This response comes to us from Cat. She shares her own experience with racial identity from 50 years ago.
This essay begs us to revisit the age-old question of ‘what is racial identity to my same and/or different race?’ Is it skin color? Is it colloquial language? Is it attitude? Is it heritage or upbringing? I find it quite interesting that we struggled with this same question at that same age. I’m way past 17, but recall this very issue when I moved to DeRidder as a high school freshman in the early 1970s. As an Army brat transplanted from the north, I faced much racial strife as I navigated the halls of the brand new DeRidder High School facility. There was a turf war raging for control of the new high school. Trying to fit in, as most Army brats know, I spoke to everyone, regardless of skin color. For the first time in my life, I was attacked and ridiculed because I didn’t “stick to my own.” So, here’s the continuing question…who were ‘my own?’ White farm kids with rifles in the back window of their pick-up trucks? No. Black kids trying to make their way in a bigoted Southern town? No. So, what has changed over the past 50 years? Not much, I’m afraid. The search for racial identity continues and it appears that, at least nationally, we are going backwards.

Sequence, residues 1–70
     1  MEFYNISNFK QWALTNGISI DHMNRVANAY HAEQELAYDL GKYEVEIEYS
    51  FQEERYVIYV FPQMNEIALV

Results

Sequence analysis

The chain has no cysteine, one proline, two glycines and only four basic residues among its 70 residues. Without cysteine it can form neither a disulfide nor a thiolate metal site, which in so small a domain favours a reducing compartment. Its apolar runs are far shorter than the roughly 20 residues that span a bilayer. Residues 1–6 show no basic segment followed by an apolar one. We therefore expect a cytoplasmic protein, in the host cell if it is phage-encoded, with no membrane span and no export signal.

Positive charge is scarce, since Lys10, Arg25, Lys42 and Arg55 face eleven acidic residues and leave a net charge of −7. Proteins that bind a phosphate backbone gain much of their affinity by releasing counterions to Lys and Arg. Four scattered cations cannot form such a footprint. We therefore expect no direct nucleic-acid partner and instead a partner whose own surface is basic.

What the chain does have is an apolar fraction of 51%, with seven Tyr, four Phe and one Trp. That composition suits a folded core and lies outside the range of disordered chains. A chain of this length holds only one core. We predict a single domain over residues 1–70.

Thank you, Cat for speaking your truth and helping to define and historically expand on the 17-year-old high school student’s search for Identity.
Who’s next? Please send your comments on this piece and/or the 17-year-old high school student’s piece to email@example.com.